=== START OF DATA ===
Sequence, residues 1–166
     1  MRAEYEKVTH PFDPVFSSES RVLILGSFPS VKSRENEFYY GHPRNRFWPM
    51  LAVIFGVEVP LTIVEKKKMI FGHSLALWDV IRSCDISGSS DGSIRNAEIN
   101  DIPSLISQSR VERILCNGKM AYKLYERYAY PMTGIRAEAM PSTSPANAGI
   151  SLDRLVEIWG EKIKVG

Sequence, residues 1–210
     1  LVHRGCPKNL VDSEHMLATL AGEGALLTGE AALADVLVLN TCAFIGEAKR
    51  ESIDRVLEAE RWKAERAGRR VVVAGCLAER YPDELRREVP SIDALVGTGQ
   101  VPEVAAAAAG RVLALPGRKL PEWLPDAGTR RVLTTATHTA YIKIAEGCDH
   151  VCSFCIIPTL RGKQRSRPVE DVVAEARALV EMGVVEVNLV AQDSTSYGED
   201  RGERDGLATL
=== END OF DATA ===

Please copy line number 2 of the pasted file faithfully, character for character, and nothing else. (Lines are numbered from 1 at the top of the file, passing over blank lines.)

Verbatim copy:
     1  MRAEYEKVTH PFDPVFSSES RVLILGSFPS VKSRENEFYY GHPRNRFWPM